glaz666 glaz666 - 20 days ago 9
Javascript Question

Javascript: Inline function vs predefined functions

Can any body throw me some arguments for using inline functions against passing predefined function name to some handler.

I.e. which is better:

(function(){
setTimeout(function(){ /*some code here*/ }, 5);
})();


versus

(function(){
function invokeMe() {
/*code*/
}
setTimeout(invokeMe, 5);
})();


Strange question, but we are almost fighting in the team about this

Answer

Named functions

There is some serious misuse of terminology in the question and answers on this page. There is nothing about whether or not a function is inline (a function expression) that says you cannot name it.

This is using a function expression:

setTimeout(function doSomethingLater() { alert('In a named function.'); }, 5);

and this is using a function statement:

function doSomethingLater() { alert('In a named function.'); }
setTimeout(doSomethingLater, 5);

Both examples are using named functions and both get the same benefits when it comes to debugging and profiling tools!

If the name is specified (the text after "function" but before the parenthesis) then it is a named function regardless of whether it is inline or declared separately. If the name is not specified then it is "anonymous".

Note: T.J. points out that IE mishandles named function expressions in a non-trivial way (See: http://kangax.github.com/nfe/#jscript-bugs) and this is important to note, I'm simply trying to make a point about the terminology.

Which should you use?

In response to your direct question, you should use a named function statement if the function could ever be used from any other place in your code. If the function is being used in exactly one place and has no relevance anywhere else then I would use a function expression unless it is prohibitively long or otherwise feels out of place (for style reasons). If you use an inline function expression then it is often useful to name it anyway for the purposes of debugging or code clarity.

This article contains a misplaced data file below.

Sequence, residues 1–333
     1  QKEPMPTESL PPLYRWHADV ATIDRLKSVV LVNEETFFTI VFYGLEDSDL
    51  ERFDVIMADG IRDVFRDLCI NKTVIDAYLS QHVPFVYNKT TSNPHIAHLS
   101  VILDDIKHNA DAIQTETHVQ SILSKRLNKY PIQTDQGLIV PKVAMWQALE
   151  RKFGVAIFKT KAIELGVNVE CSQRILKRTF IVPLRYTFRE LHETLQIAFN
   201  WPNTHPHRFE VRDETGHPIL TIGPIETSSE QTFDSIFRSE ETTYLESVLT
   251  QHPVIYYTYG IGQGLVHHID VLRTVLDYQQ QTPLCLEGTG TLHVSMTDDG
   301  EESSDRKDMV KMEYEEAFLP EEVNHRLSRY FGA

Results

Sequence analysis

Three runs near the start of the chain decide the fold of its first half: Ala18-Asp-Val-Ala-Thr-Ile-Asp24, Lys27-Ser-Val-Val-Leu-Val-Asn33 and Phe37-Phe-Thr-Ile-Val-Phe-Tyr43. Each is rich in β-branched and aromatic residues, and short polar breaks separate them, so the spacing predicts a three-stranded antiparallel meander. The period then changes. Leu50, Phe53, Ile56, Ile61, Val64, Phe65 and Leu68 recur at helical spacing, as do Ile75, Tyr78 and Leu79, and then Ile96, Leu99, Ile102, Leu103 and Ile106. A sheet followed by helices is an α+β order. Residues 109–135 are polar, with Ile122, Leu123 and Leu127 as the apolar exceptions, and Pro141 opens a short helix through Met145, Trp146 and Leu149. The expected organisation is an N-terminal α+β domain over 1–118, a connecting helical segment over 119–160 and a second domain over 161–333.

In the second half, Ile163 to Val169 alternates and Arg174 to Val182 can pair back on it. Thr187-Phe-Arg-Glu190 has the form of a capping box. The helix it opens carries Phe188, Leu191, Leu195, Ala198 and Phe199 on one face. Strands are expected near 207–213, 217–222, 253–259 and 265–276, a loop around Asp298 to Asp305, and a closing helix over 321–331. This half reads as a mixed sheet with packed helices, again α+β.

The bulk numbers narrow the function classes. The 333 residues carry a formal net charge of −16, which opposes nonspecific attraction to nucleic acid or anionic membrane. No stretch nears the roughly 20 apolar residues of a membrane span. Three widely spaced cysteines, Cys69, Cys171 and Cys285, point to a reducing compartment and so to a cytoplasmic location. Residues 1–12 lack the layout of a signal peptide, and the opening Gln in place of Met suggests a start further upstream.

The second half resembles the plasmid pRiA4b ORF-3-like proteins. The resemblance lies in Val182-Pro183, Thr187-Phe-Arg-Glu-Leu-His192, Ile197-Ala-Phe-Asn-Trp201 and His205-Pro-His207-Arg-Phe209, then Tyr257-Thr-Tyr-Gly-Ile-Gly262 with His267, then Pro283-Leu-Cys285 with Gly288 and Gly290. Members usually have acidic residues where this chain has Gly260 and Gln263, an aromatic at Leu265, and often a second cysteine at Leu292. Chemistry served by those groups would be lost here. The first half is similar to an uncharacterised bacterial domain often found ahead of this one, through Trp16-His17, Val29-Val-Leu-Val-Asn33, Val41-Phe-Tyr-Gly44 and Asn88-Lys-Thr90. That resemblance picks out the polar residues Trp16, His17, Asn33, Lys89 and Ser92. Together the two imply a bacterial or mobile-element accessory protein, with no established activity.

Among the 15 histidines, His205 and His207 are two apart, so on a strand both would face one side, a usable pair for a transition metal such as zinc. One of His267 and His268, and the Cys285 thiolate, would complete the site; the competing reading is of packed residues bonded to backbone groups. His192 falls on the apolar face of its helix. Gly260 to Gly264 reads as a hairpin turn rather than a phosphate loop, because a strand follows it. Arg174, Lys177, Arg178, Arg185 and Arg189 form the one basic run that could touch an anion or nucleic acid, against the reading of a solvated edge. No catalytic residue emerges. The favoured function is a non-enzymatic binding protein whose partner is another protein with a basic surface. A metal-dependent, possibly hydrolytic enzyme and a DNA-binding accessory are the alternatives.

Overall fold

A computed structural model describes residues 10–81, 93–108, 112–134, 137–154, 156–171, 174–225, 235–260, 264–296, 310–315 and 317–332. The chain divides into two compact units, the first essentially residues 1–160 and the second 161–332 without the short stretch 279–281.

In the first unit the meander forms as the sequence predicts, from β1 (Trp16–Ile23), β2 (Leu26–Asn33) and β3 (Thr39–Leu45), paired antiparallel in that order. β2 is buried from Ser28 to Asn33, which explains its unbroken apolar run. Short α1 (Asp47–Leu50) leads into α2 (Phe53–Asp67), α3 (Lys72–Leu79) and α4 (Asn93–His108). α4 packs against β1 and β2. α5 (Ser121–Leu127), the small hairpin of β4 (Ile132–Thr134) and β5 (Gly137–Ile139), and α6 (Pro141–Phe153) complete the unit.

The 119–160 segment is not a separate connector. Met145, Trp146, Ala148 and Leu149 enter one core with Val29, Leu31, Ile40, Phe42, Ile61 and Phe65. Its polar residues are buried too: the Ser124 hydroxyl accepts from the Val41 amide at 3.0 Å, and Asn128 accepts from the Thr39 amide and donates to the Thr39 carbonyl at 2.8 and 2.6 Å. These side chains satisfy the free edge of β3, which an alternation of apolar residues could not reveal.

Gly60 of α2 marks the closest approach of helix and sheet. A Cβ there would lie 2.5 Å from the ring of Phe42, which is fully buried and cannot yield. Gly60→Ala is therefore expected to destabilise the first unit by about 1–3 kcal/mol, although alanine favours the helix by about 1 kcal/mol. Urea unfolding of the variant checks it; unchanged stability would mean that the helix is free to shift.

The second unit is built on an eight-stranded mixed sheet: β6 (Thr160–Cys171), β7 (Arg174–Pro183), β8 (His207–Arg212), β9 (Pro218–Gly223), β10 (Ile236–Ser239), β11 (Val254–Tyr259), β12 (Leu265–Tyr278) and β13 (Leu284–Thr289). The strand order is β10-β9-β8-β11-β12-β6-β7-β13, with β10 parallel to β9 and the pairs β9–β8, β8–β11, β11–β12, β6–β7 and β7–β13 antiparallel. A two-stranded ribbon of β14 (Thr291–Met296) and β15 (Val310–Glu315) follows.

Memory leaks

Whether you name your function, use a function statement, or use a function expression has little impact on the memory leak issue. Let me try to explain what causes these leaks. Take a look at this code:

(function outerFunction() {
    var A = 'some variable';

   doStuff();
})();

In the code above, when "outerFunction" finishes "A" goes out of scope and can be garbage collected, freeing that memory.

What if we add a function in there?

(function outerFunction() {
    var A = 'some variable';

   setTimeout(function(){ alert('I have access to A whether I use it or not'); }, 5);
})();

In this code (above) the function expression we are passing to setTimeout has a reference to "A" (through the magic of closure) and even after "outerFunction" finishes "A" will remain in memory until the timeout is triggered and the function is dereferenced.

What if we pass that function to something other than setTimeout?

(function outerFunction() {
    var A = 'some variable';

   doStuff(function(){ alert('I have access to A whether I use it or not'); });
})();

function doStuff(fn) {
    someElement.onclick = fn;
}

Now the function expression we are passing to "doStuff" has access to "A" and even after "outerFunction" finishes "A" will remain in memory for as long as there is a reference to the function we passed into doStuff. In this case, we are creating a reference to that function (as an event handler) and therefore "A" will remain in memory until that event handler is cleared. (e.g. someone calls someElement.onclick = null)

Now look at what happens when we use a function statement:

(function outerFunction() {
    var A = 'some variable';

    function myFunction() { alert('I have also have access to A'); };
    doStuff(myFunction);
})();

The same problem! "myFunction" will be cleaned up only if "doStuff" does not hold a reference to it and "A" will only be cleaned up when "myFunction" is cleaned up. It does not matter whether we used a statement or an expression; what matters is if a reference to that function is created in "doStuff"!

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